The inexplicable decision to record Thank You in the wake of a commercial resurgence continues to perplex me whenever I revisit it. Duran Duran have a few solid covers to their name but few of them made it onto Thank You. If they had either released a covers album on par with David Bowie’s Pin Ups (a tall order for any artist) or put out a new studio album with a few hit singles to maintain their momentum, the 1990s might have gone much differently for the band. What should have Thank You sounded like? That is a question I plan to address in part two of this essay. For now, I am more excited about the idea of younger bands wearing their Duranie influence on their sleeves.


The recent cover of “Hungry Like the Wolf” by Muse is far more significant than has been noted. The 2014 tribute album Making Patterns Rhyme was a beautiful collection of ethereal covers but apart from Warpaint (and veteran Moby), the artist list was more underground and obscure. Muse are playing sold-out arenas right now. They are one of the few rock-n-roll bands who can do that in today’s industry. And they covered “Hungry Like the Wolf” without a hint of hipster irony. If you haven’t heard this slice of sonic gold, check it out here:


Muse joins The Deftones, and Eagles of Death Metal, as contemporary bands willing to fly the Duran Duran flag with sharp covers. The influence of the band can be traced through almost every sub-genre of popular music today and popular culture’s retro fetish has again made Duran Duran fashionable. It gets me excited for what happens tomorrow. Here is my list of twelve dream covers of Duran Duran songs.


1. Peaches – “Girls On Film”


The current live version of the song by Duran is what I’m imagining with a Peaches cover. Her ability to deconstruct gender roles makes this a lyrical feast for her to dine on. Check out how she balances guitars and electronics on “Boys Wanna Be Her” and you hear some of Duran’s DNA percolating beneath its surface.


2. Gerard Way (My Chemical Romance) – “First Impression”


OK, we have to get MCR to reunite for this to work but I can see that happening in the not too distant future. Regardless, Gerard Way’s solid solo album would have been a good home for this cover as well. Slathering the lyrics in some teenage angst would give it a stronger narrative punch. I can see the band playing a goth prom with young kids “turning on the animal” and knocking over the lockers as they run out into the night. 


3. The Killers – “Planet Earth”


This seems so obvious it may have already happened and I missed it. The vocal line suits Brandon Flowers perfectly and the rhythm track would be a rollicking fun ride with Ronnie Vanucci Jr. pounding the skins. The influence of Duran Duran is all over Hot Fuss and it’s not like The Killers are making interesting music at this point (Wonderful Wonderful? Umm, no and no.).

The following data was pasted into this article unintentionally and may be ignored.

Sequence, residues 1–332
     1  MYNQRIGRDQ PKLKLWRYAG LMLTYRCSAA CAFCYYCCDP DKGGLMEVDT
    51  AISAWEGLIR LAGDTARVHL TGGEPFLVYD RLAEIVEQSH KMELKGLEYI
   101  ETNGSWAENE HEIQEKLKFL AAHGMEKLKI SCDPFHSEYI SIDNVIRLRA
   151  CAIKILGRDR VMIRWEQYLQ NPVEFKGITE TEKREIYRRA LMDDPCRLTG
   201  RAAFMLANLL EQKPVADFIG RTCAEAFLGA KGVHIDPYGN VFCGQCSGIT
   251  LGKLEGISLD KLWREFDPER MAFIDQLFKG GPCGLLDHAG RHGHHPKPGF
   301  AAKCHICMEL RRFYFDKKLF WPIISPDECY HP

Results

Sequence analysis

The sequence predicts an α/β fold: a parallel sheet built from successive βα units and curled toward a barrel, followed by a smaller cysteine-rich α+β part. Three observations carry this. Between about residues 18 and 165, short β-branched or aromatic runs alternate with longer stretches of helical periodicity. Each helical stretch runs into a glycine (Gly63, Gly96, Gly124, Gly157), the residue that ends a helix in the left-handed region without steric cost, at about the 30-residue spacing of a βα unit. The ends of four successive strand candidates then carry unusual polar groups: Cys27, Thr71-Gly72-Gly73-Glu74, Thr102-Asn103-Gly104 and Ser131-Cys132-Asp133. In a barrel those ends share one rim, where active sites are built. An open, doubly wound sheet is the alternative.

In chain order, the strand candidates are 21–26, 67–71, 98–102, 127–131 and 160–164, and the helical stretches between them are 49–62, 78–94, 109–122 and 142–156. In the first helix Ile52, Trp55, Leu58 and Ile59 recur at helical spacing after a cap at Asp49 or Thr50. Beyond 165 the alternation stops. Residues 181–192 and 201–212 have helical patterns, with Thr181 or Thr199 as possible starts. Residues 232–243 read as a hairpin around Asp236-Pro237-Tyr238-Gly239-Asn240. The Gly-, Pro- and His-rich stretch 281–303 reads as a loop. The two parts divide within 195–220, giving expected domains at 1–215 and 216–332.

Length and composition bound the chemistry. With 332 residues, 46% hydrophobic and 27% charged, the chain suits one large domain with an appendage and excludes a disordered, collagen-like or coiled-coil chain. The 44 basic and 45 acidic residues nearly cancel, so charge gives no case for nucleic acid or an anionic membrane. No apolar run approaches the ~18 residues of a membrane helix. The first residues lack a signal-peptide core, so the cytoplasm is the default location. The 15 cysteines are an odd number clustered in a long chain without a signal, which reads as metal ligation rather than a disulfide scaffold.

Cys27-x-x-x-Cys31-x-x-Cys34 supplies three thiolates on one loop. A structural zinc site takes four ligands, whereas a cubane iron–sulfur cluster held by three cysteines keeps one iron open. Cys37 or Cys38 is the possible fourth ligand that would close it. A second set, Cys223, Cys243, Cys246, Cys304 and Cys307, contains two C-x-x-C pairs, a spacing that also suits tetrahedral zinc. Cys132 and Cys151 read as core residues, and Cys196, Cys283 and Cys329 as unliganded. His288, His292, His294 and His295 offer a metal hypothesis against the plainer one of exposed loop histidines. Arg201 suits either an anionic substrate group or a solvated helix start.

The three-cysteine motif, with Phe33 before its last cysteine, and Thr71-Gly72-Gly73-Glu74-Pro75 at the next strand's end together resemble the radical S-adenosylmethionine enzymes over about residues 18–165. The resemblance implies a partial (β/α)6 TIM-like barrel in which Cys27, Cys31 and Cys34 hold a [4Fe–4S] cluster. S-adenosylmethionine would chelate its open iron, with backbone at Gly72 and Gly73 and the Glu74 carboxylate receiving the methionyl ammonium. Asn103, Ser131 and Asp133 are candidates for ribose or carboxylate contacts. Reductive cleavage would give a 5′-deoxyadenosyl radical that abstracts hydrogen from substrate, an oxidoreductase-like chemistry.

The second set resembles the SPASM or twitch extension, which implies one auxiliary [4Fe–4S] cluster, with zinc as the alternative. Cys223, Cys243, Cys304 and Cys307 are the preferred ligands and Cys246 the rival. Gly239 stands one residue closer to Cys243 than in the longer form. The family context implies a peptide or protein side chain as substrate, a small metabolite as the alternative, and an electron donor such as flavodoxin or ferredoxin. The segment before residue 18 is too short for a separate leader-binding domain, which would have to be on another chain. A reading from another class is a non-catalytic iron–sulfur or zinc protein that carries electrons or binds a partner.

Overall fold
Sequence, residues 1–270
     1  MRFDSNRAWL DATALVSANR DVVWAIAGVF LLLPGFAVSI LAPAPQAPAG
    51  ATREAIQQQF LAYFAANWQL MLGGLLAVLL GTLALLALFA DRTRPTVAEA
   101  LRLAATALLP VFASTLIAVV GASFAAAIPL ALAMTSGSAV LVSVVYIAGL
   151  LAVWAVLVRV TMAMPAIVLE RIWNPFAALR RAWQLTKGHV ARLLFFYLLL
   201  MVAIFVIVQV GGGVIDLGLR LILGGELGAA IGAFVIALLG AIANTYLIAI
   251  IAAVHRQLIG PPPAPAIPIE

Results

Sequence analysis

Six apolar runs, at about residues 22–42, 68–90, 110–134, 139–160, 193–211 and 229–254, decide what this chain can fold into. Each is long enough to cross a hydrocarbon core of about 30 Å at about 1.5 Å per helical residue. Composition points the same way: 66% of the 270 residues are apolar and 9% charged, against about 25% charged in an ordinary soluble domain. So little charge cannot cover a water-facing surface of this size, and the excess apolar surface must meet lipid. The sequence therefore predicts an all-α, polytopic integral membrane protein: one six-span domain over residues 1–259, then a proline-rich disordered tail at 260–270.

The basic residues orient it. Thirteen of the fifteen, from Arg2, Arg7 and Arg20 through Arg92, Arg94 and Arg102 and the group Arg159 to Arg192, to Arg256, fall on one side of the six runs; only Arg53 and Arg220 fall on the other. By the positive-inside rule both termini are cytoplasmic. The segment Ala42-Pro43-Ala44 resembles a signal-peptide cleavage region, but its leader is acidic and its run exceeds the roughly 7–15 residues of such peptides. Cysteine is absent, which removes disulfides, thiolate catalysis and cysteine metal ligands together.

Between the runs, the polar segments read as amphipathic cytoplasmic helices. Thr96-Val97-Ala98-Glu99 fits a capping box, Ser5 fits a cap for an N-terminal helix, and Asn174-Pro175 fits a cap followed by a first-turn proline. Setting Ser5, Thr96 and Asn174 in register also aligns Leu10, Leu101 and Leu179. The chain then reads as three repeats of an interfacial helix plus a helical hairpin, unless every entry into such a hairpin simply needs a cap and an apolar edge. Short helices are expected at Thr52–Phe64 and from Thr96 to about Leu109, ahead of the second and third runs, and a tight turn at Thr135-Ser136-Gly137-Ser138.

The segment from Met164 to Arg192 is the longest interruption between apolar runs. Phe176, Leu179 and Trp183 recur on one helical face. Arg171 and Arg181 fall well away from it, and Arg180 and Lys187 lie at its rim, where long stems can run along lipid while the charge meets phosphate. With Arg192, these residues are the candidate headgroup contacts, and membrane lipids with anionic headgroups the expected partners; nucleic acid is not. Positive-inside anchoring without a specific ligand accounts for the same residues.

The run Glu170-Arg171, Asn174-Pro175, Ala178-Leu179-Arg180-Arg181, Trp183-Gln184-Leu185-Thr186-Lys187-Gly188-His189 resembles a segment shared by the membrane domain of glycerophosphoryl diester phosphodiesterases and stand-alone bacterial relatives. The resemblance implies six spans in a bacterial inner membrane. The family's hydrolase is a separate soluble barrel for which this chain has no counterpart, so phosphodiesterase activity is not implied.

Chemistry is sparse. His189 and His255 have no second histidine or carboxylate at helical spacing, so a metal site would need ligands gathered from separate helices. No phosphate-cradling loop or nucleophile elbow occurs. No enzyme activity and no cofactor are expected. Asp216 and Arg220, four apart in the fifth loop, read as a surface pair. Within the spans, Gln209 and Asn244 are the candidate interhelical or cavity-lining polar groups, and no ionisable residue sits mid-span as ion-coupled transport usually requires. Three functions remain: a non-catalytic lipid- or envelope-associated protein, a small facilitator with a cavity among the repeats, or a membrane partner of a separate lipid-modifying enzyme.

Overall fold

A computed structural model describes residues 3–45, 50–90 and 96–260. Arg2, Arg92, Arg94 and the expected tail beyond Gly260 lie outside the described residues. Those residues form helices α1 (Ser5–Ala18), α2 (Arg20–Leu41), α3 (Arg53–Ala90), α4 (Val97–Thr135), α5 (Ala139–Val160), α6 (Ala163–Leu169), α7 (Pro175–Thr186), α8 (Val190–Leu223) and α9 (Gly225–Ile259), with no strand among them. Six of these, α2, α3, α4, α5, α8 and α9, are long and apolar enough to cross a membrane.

4. Kacey Musgraves – “Lonely In Your Nightmare”


She would own this! Strip it back to an acoustic ballad with a little steel guitar playing behind her. As a country artist, she has confounded expectations at every turn and a Duran Duran cover would be another unexpected move. She could probably sing any Duran song and make it work but these lyrics seem to best suit her style.


5. Let’s Eat Grandma – “Come Undone”


When Let’s Eat Grandma take the stage at Coachella in April, they will convert even more listeners to their unique alchemy of glitchy synths and soaring pop. Covering this song demands a complete re-invention because it is hard to top the original. Rosa Walton and Jenny Hollingworth were born long after the song was a hit so they could shatter it and re-arrange the shards into a beautiful new prism. 


6. Sunflower Bean – “Do You Believe In Shame?”


Julia Cumming’s voice and bass tone are in this song’s sweet spot. Sunflower Bean can shift from Blondie disco-punk to Fleetwood Mac balladry in seconds so they could take this in a few interesting directions. One of Duran Duran’s most beautiful songs, it really deserves to be revived and shared with new listeners.


7. The 1975 – “New Moon On Monday”


I don’t know why but I can see this video already with Matty Healy looking mysterious on crowded London streets. The nonsensical lyrics (A lizard mixture? Help us out, Simon.) are no problem for Healy. He could sing anything and teenagers would go crazy. The 1975 already borrow a lot of their aesthetic from the 1980s so this wouldn’t be a creative leap for them to tackle. 


8. Robyn – “Electric Barbarella”


Nobody makes dance music like Robyn and this song would be the perfect companion to her classic “Dancing With Myself”. Sprinkle a little Swedish electro-pop fairy dust on the song to give it a stronger kick drum that shakes the walls and you have a hit song. Hearing Robyn whisper “princess of my dreams” would leave us begging for more.


9. IDLES – “Wild Boys”


Last year’s Joy As An Act of Resistance won IDLES critical acclaim and a legion of positive-minded punk fans who are ready to kick toxic masculinity in the face. Never an easy vocal for Simon LeBon, IDLES could reimagine it as a working-class anthem for young men trying to do right by this world. 


10. Garbage – “Pop Trash Movie”


OK, Garbage probably don’t need to cover Duran Duran but their recent version of Bowie’s “Starman” was a sheer delight. The only band on this list to have also done a Bond cover, Shirley Manson would bring this song to life. Manson would sell the narrative, too. She knows exactly what this song is trying to say and she could deliver it with more force than Duran Duran. 


11. St. Vincent – “Too Much Information”


Annie Clark’s immense guitar skills and anti-establishment attitude would suit this better than Duran Duran. No soda company will ever sponsor a St. Vincent tour. She would turn it inside out with a less linear version, I believe. Her and Dua Lipa covering this at this year’s Grammy Awards would have been a joy to see. 


12. Pale Waves – “Night Boat”


Pale Waves straddle the border between dark pop and dreamy gothic atmosphere which makes “New Religion” the perfect tune for them. They would slow it down to a glacial pace, perhaps, and take it from Birmingham to Manchester where the heavy clouds of Joy Division could strip it of any color. Pale Waves are finding success injecting irresistible pop songs with darker, more artistic tones. Sound familiar?

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Jason Lent (Velvet Rebel Music) discovered Duran Duran on MTV in 1983 and a lifelong musical love affair was born. In 2010, he left a job in Hawaii to tour with Cowboy Junkies as a music writer and his work has appeared in various online music outlets. He currently resides in Las Vegas managing a music venue while trying to learn John Taylor’s bass line from Rio.